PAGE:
The Government has been told it needs to be bolder in scrapping business legislation inherited from Labour after announcing the first results of its business review.
Employees in companies with fewer than 49 employees will lose the right to ask for time off for training following a decision to exempt small firms from the provisions of Labour’s Right to Train programme.
Mark Prisk, business minister, said the move, which has been widely applauded, would produce savings of £270m a year, however the British Chambers of Commerce feels that he has not gone far enough and has described this decision as “a token.”
The BCC’s policy director, Adam Marshall, said: “If the Government wants private sector companies to deliver both growth and jobs it should extend the exemption to medium-sized companies and pare back other regulations that stop companies taking on staff.”
The chamber of commerce is also concerned that whilst many of these changes in legislation are to be applauded, cuts in Government marketing & awareness spending are making it more difficult for business to keep up to date with new legislation.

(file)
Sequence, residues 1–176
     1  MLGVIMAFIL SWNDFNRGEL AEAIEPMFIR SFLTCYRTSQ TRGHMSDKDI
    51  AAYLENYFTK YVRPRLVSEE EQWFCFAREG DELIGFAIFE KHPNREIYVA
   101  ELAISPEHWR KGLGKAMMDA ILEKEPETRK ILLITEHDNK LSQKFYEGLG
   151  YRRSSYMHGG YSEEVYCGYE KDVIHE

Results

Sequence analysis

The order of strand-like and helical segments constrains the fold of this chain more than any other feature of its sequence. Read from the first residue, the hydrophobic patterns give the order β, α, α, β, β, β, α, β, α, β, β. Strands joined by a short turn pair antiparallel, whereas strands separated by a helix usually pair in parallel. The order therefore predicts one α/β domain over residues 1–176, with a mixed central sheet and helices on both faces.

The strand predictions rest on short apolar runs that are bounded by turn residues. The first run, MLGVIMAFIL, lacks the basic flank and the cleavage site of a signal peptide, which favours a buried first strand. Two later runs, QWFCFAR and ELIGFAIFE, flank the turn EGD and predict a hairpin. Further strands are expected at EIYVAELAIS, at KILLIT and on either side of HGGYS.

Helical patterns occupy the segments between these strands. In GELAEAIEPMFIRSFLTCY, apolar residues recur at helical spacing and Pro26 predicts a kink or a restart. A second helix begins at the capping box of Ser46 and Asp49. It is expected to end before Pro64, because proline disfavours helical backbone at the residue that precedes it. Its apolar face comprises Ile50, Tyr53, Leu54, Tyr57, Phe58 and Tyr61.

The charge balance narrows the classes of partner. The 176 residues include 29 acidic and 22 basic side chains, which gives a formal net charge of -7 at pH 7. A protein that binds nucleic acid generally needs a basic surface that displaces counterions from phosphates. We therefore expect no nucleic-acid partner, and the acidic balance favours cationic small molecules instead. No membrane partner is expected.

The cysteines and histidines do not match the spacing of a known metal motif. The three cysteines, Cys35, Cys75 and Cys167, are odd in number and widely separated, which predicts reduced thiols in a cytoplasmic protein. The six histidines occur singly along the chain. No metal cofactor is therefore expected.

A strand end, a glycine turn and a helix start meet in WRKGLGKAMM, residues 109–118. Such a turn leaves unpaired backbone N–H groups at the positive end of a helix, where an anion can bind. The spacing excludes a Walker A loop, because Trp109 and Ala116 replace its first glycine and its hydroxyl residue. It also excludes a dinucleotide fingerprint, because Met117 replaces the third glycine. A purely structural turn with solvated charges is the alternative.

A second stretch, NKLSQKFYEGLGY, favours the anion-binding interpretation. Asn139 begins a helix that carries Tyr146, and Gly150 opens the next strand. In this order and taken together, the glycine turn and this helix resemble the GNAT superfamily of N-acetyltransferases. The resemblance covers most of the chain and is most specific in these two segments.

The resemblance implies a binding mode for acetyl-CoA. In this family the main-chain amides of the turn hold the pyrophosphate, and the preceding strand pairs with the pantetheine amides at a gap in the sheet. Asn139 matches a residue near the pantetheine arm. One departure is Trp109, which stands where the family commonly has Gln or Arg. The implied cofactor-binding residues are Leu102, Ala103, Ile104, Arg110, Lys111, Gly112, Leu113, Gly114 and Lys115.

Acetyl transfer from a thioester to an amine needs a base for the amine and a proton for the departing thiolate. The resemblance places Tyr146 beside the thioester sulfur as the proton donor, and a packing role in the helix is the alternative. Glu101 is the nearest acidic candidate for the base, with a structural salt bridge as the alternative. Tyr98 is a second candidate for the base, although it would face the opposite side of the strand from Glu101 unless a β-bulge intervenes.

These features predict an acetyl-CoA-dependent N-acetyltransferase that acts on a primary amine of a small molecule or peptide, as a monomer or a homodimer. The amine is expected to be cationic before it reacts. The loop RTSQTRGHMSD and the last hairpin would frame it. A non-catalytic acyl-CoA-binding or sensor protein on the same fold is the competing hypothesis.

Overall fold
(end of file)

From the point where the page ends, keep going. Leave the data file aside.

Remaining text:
The previous government regarded the Right to Train regulations as one of its flagship programmes. They were introduced in April this year when 11m people in companies with more than 250 employees had the right to ask for time off to carry out training which they believed would help them and their employers. The programme was then timetabled to be extended to firms with less than 49 employees next April.
Employers have been highly critical of the programme because of the potential disruption to their business but they have the right to reject the request if they feel it would affect their operations.
Employers hope the promised review of all employment laws, announced in the Budget, will result in fewer and less onerous regulations. The Government is also promising to provide details of all forthcoming regulation that it is looking to introduce within the next month.